My brother is married to a passive aggressive woman and he is very unhappy in his relationship. I have a friend who just got engaged to a passive-aggressive woman. Both my friend and my brother have developed quite a few negative personality traits that make me not want to be around or even talk to them. Do you think it’s their true natures coming out (ages 35-40) or the result of relationships with passive aggressive women?
Great question! I am sorry that you are having a difficult time being around your friend and brother right now. Passive-aggressive behaviors, which are hostile and resistant actions that a person expresses in very subtle or indirect ways, are not fun to experience. For example, your sister-in-law might give your brother the “cold shoulder” to show she is angry and defiant rather than telling him about the real reason she is she upset about something.
Psychologists have used the term Passive-Aggressive Personality Disorder (PAPD) as a label to characterize people who are chronically stubborn, pouty, sulky, irritable, procrastinating, and argumentative.1 More recently, PAPD was renamed Negativistic Personality Disorder to include other negative behaviors, such as complaining about being misunderstood, envy of others, and exaggerated complaints of personal misfortune.2 Both terms have been controversial; some psychologists believe that many of the symptoms only occur in certain situations (or certain relationships) and do not reflect an underlying pervasive personality trait that the person carries with them across relationships.3
Your question about your brother and friend reflect the controversy around the labels used for PAPD; is your brother’s negativity due to some underlying “negativity trait” that is just being exasperated by his wife, or is this just a new symptom unique to the relationship?
Personality researchers have long argued that personality traits are flexible and dynamic4 — we all have broad level traits like extraversion that are expressed across most situations, but our everyday experiences and beliefs can change who we are as people over time. When an individual constantly expects others to behave negatively, he or she responds to conflict in ways that undermine the relationship.5 For example, your brother may start an argument with your sister-in-law about her use of the “cold shoulder” technique because he is frustrated that she won’t directly tell him what she is upset about. His argument may reinforce your sister-in-law’s belief that if she were to be more direct, the argument could potentially get worse. In other words, the beliefs of both partners are perpetuating the passive-aggressive behaviors in the relationship. This example helps demonstrate why personality traits are flexible, but hard to change — it takes a long time to change, and many different beliefs and feelings need to be altered in order to make significant changes to personality happen.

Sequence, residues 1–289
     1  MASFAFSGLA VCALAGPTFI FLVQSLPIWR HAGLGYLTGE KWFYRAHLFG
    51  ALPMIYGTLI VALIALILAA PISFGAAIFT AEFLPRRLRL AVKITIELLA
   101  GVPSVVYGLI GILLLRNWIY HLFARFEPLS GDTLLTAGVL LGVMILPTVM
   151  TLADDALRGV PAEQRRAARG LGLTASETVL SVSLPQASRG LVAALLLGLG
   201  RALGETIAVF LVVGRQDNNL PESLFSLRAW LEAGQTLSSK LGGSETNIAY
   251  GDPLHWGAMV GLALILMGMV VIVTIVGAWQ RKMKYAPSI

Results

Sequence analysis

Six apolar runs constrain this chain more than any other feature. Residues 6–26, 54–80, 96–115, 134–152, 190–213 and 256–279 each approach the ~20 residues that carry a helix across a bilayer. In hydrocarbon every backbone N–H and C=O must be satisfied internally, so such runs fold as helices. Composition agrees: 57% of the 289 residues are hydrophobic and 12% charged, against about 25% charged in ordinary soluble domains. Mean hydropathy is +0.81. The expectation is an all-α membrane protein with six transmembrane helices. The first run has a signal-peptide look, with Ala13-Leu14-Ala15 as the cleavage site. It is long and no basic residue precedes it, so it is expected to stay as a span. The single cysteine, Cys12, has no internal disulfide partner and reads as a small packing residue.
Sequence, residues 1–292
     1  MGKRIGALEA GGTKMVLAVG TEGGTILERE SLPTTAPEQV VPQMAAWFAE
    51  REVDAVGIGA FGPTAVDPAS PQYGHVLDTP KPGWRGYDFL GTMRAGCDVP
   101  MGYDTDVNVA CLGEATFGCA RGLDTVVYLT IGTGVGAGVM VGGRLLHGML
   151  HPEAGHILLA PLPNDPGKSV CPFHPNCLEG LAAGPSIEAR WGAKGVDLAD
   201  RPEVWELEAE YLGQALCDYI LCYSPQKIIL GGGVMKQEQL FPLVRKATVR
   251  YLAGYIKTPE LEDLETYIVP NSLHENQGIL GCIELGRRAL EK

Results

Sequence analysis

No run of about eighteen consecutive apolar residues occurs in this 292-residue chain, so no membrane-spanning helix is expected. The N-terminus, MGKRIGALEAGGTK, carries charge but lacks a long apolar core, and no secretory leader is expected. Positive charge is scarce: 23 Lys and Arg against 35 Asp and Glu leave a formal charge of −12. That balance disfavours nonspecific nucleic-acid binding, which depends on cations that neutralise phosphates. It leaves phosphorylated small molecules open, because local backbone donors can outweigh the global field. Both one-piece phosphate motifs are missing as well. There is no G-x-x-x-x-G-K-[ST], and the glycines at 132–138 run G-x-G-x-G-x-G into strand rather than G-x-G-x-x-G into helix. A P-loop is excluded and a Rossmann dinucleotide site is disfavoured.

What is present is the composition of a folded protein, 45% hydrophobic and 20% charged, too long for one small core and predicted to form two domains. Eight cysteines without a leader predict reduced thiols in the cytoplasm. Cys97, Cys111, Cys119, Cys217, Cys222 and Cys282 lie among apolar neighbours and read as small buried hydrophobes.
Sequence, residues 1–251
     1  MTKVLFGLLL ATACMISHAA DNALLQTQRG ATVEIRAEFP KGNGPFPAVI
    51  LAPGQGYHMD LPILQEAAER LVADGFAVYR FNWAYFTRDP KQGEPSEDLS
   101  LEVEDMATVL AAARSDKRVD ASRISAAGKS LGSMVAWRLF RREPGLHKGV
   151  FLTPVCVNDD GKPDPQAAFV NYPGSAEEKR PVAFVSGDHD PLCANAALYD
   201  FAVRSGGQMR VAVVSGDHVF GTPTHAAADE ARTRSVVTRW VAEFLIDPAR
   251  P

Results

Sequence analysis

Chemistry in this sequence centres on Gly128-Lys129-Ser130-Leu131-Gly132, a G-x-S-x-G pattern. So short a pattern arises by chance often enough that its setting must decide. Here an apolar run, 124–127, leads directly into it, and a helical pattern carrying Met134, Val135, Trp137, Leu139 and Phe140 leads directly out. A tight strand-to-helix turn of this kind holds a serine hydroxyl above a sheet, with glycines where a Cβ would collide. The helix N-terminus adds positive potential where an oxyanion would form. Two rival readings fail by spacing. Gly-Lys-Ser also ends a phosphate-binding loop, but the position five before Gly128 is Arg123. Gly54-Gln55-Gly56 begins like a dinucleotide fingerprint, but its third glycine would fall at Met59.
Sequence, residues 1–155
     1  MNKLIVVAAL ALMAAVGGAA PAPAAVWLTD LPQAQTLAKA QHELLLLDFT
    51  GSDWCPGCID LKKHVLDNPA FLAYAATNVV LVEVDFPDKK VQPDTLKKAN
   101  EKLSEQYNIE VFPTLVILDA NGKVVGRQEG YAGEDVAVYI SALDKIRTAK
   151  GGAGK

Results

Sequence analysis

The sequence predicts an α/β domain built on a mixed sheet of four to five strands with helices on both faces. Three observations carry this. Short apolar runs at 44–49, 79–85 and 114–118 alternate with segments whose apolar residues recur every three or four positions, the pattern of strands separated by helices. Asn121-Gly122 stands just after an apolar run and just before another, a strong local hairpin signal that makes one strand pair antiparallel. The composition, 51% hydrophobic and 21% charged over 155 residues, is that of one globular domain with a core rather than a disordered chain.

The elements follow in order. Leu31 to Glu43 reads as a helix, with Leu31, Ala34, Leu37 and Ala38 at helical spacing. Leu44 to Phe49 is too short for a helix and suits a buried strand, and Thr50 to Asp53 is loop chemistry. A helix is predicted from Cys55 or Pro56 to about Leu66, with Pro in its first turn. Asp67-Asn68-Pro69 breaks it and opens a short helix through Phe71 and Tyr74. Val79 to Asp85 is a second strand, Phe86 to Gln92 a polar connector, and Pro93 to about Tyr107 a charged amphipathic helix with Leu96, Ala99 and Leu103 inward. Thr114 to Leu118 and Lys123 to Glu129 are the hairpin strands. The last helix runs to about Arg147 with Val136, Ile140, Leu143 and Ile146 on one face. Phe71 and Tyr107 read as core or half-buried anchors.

I know personally how hard it is to witness people you care about get sucked into toxic relationships. And, I also know what it is like to be stuck in one. My suggestion is to be as supportive and neutral with your friends as possible, and be direct about how their negative behaviors are affecting you. Hopefully, they will be receptive and reflect on why they are acting that way towards you. If they come to the personal realization that their negative behaviors have developed because of their relationship, then maybe they will make some changes there as well.
Interested in learning more about relationships? Click here for other topics on Science of Relationships. Like us on Facebook or follow us on Twitter to get our articles delivered directly to your NewsFeed.
1American Psychiatric Association (1987). Diagnostic and statistical manual of mental disorders (3rd ed., rev.) Washington, DC: Author.
2American Psychiatric Association (1994). Diagnostic and statistical manual of mental disorders (4th ed.) Washington, DC: Author.
3Millon, T. (1993). Negativistic (passive-aggressive) personality disorder. Journal of Personality Disorders, 7, 78-85.
4Mischel, W., & Shoda, Y. (1995). A cognitive-affective systems theory of personality: Reconceptualizing the invariances in personality and the role of situations. Psychological Review, 102, 246-268.
5Pietrzak, J., Downey, G., & Ayuduk, O. (2005). Rejection sensitivity as an interpersonal vulnerability. In M. Baldwin (Ed.), Interpersonal cognition, (pp. 62-84). New York: Guilford.
Dr. Jennifer Harman – Adventures in Dating… | Science of Relationships articles | Website/CV
Dr. Harman’s research examines relationship behaviors that put people at-risk for physical and psychological health problems, such as how feelings and beliefs about risk (e.g., sexual risk taking) can be biased when in a relationship. She also studies the role of power on relationship commitment.